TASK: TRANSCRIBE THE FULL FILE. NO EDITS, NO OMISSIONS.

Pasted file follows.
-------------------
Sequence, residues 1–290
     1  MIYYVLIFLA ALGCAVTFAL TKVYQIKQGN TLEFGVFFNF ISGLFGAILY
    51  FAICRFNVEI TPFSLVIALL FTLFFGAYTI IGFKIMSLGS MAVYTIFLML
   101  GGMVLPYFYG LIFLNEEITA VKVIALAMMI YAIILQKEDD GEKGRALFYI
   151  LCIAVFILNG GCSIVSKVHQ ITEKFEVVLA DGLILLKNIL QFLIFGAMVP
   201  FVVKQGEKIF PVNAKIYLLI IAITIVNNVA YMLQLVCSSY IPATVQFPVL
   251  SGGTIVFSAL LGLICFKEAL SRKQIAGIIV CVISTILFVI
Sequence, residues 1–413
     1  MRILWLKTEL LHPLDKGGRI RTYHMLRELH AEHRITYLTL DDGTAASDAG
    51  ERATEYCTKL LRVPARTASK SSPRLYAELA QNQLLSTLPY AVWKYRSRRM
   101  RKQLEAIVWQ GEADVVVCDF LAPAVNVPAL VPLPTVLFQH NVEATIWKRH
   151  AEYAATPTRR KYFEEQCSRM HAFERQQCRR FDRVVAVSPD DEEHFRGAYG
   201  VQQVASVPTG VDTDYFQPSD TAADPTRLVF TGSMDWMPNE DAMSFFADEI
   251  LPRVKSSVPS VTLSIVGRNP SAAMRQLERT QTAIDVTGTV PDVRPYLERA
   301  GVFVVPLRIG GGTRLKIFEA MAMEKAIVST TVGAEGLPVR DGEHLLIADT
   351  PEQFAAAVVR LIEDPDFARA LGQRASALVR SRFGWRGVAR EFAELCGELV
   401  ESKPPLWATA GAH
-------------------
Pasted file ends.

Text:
Sequence, residues 1–290
     1  MIYYVLIFLA ALGCAVTFAL TKVYQIKQGN TLEFGVFFNF ISGLFGAILY
    51  FAICRFNVEI TPFSLVIALL FTLFFGAYTI IGFKIMSLGS MAVYTIFLML
   101  GGMVLPYFYG LIFLNEEITA VKVIALAMMI YAIILQKEDD GEKGRALFYI
   151  LCIAVFILNG GCSIVSKVHQ ITEKFEVVLA DGLILLKNIL QFLIFGAMVP
   201  FVVKQGEKIF PVNAKIYLLI IAITIVNNVA YMLQLVCSSY IPATVQFPVL
   251  SGGTIVFSAL LGLICFKEAL SRKQIAGIIV CVISTILFVI
Sequence, residues 1–413
     1  MRILWLKTEL LHPLDKGGRI RTYHMLRELH AEHRITYLTL DDGTAASDAG
    51  ERATEYCTKL LRVPARTASK SSPRLYAELA QNQLLSTLPY AVWKYRSRRM
   101  RKQLEAIVWQ GEADVVVCDF LAPAVNVPAL VPLPTVLFQH NVEATIWKRH
   151  AEYAATPTRR KYFEEQCSRM HAFERQQCRR FDRVVAVSPD DEEHFRGAYG
   201  VQQVASVPTG VDTDYFQPSD TAADPTRLVF TGSMDWMPNE DAMSFFADEI
   251  LPRVKSSVPS VTLSIVGRNP SAAMRQLERT QTAIDVTGTV PDVRPYLERA
   301  GVFVVPLRIG GGTRLKIFEA MAMEKAIVST TVGAEGLPVR DGEHLLIADT
   351  PEQFAAAVVR LIEDPDFARA LGQRASALVR SRFGWRGVAR EFAELCGELV
   401  ESKPPLWATA GAH